By Irene F. Starkehaus -
For those who have not read last week's article "The next liberal frontier is America's children," I very recently advocated for parental rights in opposing the proliferation of State-mandated vaccines - those that American children must undergo if they want to attend public schools. That discussion has produced enough of a kerfuffle about alleged conservative ignorance that I'm inclined to respond where I would have otherwise moved forward to a new topic.
Disproportionate agitation on the part of the Borg's auxiliary "vaccinate or you will be vaccinated" group began because I relayed a story that I read in my youth about a young woman who was imprisoned at Dachau during the Second World War…now quoting myself with obedient irony:
The woman was housed at Dachau. One day, she was told that she was going to be taking a shower. Her group was very happy because it had been a while since they had last showered. They were looking forward to feeling clean. The humanity in that expression of joy over that basic need to feel clean, which had been denied them by an authoritarian regime – it's simply about self-preservation and the joy of survival. Filth equals disease. Disease equals death.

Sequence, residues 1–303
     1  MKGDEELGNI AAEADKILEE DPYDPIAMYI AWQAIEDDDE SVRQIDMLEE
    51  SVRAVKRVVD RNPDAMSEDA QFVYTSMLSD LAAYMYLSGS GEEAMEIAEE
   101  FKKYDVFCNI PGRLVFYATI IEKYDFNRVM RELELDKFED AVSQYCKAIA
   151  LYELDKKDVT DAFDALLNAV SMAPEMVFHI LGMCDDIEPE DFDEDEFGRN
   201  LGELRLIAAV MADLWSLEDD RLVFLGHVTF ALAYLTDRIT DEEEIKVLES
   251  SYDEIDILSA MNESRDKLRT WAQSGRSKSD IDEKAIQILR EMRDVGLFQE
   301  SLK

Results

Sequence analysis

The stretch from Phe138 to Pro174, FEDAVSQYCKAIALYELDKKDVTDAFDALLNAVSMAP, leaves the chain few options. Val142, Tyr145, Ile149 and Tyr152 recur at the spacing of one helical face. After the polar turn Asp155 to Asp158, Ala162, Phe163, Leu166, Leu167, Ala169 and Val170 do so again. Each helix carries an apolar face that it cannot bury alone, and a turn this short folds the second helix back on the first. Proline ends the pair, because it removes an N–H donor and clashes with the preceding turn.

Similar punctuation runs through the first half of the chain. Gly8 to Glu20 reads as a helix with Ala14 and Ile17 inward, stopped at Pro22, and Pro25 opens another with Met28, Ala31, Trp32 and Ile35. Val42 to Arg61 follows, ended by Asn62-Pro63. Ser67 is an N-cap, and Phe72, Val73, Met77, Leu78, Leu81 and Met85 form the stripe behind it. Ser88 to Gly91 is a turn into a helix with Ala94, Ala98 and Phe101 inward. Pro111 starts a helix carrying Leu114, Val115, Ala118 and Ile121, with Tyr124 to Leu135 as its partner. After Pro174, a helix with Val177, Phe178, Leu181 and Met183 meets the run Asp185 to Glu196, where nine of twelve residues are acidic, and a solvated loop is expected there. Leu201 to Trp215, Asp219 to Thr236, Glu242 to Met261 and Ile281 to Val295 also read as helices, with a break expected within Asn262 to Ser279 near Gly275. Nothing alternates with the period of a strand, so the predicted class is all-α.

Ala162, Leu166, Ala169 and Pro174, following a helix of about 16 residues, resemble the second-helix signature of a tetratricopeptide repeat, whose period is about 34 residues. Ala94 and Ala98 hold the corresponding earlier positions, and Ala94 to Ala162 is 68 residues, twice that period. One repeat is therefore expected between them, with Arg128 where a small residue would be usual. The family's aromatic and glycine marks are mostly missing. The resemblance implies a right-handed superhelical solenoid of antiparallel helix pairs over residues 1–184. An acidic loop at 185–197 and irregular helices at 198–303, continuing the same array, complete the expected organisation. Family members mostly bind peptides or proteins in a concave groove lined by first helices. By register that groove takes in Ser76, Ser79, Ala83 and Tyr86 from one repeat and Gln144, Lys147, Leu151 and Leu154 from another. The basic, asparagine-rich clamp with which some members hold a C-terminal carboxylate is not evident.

The anticipation of showering meant that very few people were paying attention to the situation's details. The woman of this story happened to be standing near the end of the line. Her bunkmates were being taken away in small groups and she observed women going into the shower area, but no one was coming out. She became concerned. She looked over to a nearby corner and noticed that there was a bucket and a floor brush there, so she quietly grabbed it when no one was paying attention and pretended that she was part of the cleanup crew. She then backed out of the building and escaped. Her bunkmates were gassed.
For making this reference, I have been accused of trivializing the Holocaust by supposedly comparing its devastation to the plight of parents who don't want to vaccinate their children. For making this reference, I have been called a vaccine denier. For making this reference, the editors of Illinois Review have been pilloried for allowing an ostensibly disgusting comparison to be published on their site.
It has become clear to me through this entire exercise that seeing the words vaccine and Holocaust in the same article may be more than some people can handle without permanent loss in reading comprehension skills. For those predisposed to seeing insult where none exists, premature assumptions are likely to occur. Inaccurate assumptions lasting for more than four hours can be a sign of a serious medical condition. When intellectual priapism occurs, four out of five writers recommend you reread the article and pay attention this time...although, based on such visceral attempts to shut down debate about parental rights, we may want to reconsider the comparisons between vaccines and Nazi Germany for future posts.
The allusion to the young woman at Dachau was NOT done to draw a comparison between Josef Goebbels and today's vaccine-happy bureaucrats. That a reader's mind would immediately jump to such a conclusion speaks more to the reader's predisposition for dog-whistle politics than to a meaningful understanding of the article.